HomePlug Powerline Products
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HomePlug Powerline Products : Broadband Powerline Communication
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"The Alliance's mission is to enable and promote rapid availability, adoption and implementation of cost effective, interoperable and standards-based home powerline networks and products." HomePlug.org
So just what is Broadband Powerline Networking?
Everyone's got questions about networking through your power outlets. Here's where you can find the answers!
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The Organization: The HomePlug Powerline Alliance
The Home Networking and Powerline Communications Market
Q: What products are available for consumers to purchase?
A: Member companies of the HomePlug Powerline Alliance are always making new product announcements and are preparing for the delivery of great home networking enabled devices. The first publicly available HomePlug products were demonstrated in early 2002 at the CES and CeBIT exhibitions. At these shows, HomePlug member companies unveiled HomePlug-compliant home networking products such as bridging and routing devices, network interface cards, and combination 802.11b access point/powerline. Click here for a list of HomePlug-certified products.Q: Where can I buy HomePlug-certified products?
A: Local retailers and online retailers carry HomePlug-certified products.Q: How do I know that HomePlug products will work together?
A: The HomePlug Alliance has developed a strict certification program to ensure that products from different member companies work together. Any products passes this program is issued the HomePlug Certification Mark.
The certification process tests each product to make sure it works effectively in homes of varying ages, sizes, levels, and with differing types of electrical service. "Plug fests" are held to further ensure that individual products meet the rigorous standards for interoperability.
For a list of HomePlug-certified products, click here.
HomePlug 1.0Q: What is HomePlug 1.0?
A: HomePlug 1.0 is the specification for a technology that connects devices to each other through the power lines in a home. HomePlug-certified products connect PCs and other devices that use Ethernet, USB and 802.11 "Wi-Fi" technologies to the power line via a HomePlug "bridge" or "adapter" - some products even have HomePlug technology built-in. These products provide a simple solution for consumers interested in networking their home without adding any new wires.Q: What type of testing has the HomePlug Alliance conducted on the chosen technology?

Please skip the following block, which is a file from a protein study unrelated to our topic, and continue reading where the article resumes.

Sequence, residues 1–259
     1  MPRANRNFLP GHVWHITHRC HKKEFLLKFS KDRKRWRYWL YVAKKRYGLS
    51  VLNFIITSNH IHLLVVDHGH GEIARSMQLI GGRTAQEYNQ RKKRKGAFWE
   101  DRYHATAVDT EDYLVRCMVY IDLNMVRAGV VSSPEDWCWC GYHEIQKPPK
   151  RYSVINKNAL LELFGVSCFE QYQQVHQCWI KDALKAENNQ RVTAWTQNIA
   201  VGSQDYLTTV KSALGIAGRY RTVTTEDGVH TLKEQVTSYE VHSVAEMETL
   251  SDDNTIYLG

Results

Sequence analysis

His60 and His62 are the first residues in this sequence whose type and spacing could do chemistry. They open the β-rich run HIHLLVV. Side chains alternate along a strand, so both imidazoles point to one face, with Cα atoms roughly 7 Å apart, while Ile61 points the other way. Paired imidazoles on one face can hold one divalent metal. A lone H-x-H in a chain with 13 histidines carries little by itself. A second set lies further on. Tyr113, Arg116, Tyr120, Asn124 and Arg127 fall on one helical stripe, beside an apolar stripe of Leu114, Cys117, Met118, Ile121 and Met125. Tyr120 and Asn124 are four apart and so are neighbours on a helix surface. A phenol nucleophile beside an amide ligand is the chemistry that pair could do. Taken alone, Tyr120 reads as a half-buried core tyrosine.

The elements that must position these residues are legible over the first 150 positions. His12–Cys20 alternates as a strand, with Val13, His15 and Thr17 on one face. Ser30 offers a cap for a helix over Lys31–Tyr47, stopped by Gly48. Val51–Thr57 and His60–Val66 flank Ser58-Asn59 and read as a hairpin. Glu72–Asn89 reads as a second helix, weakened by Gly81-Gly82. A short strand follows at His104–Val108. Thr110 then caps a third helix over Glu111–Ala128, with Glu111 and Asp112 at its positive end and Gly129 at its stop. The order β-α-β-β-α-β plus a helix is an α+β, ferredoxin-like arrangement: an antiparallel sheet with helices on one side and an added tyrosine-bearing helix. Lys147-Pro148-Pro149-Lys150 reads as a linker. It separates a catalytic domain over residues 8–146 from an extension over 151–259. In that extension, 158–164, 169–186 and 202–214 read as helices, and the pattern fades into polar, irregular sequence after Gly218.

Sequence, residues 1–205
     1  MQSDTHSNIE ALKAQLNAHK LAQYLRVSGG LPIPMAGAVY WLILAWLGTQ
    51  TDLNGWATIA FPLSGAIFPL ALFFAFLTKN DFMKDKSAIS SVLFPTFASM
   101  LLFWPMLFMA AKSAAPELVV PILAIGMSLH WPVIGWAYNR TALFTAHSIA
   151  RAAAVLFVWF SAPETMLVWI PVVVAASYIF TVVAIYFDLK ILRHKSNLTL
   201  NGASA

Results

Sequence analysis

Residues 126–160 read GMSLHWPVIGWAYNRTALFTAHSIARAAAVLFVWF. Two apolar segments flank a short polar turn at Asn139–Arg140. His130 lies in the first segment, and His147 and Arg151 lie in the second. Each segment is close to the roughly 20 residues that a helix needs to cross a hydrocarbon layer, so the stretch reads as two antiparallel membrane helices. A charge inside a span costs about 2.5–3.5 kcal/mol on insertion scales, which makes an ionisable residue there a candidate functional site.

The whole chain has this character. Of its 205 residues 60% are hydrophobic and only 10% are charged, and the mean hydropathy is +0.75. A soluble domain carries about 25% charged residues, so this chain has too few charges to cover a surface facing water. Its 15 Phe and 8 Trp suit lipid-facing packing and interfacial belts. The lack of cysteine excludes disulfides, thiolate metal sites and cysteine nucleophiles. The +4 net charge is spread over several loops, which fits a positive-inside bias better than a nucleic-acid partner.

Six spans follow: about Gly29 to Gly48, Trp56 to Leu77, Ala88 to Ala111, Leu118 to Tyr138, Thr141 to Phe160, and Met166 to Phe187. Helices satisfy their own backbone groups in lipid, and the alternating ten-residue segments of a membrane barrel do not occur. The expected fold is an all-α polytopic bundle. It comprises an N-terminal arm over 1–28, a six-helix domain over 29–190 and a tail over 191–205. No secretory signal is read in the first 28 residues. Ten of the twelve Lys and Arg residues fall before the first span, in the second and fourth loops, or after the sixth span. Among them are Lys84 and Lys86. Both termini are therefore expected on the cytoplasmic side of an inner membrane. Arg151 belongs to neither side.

A:The HomePlug Alliance validated its HomePlug 1.0 powerline networking technology through an extensive field trial of 500 homes throughout North America. The success of this field trial led to the completion of the HomePlug 1.0 Specification.Q: Is there a difference in the performance of the technology when applied to newer homes versus older homes?
A:After conducting field tests in over 500 homes, HomePlug 1.0's performance has proven consistent regardless of a home's age or size. The field tests also confirmed nearly 100 percent coverage in every home tested.Q: What products are available for consumers to purchase?
A: HomePlug-certified products such as bridging and routing devices, and combination 802.11b access point/HomePlug devices, are available from companies such as Asoka USA Corporation, Belkin Corporation, Corinex Global Corporation, deneg easyhome GmbH, devolo AG, GigaFast Ethernet, IOGEAR, Linksys Group Inc., Micro-Star International Co., Ltd., NETGEAR, Inc., Samsung Electro-Mechanics Co., Ltd., Siemens, ST&T, and Telkonet Communications. A full list of HomePlug-certified products can be found on the HomePlug Alliance's website at www.homeplug.org/products.Q: What companies are developing silicon to support the HomePlug 1.0 specification?
A:The following companies have announced chip-level development:
A:The HomePlug Alliance evaluated various powerline-networking technologies through an industry-wide, open evaluation process that incorporated theoretical analysis, lab testing and field trials. The criteria included 10 Mbps data rate, whole-house coverage, robustness and ease of implementation.
Q: What is HomePlug AV?
A:HomePlug AV is the next generation of powerline technology. Key members of the HomePlug Alliance, which includes consumer electronics companies and service providers, are driving the HomePlug AV standard. HomePlug AV is built from the ground up to support entertainment applications, such as HDTV and Home Theater. HomePlug AV will provide a convenient and cost effective method of distributing HDTV in the home without new wires.
The objectives for the HomePlug AV specification include providing the best solution for high quality video distribution, with secure connectivity with built-in Quality-of-Service (QoS), to ensure a great customer experience at a price that is competitive with other home networking alternatives. HomePlug AV will coexist with HomePlug 1.0.Q: What companies will provide the technology for the HomePlug AV specification?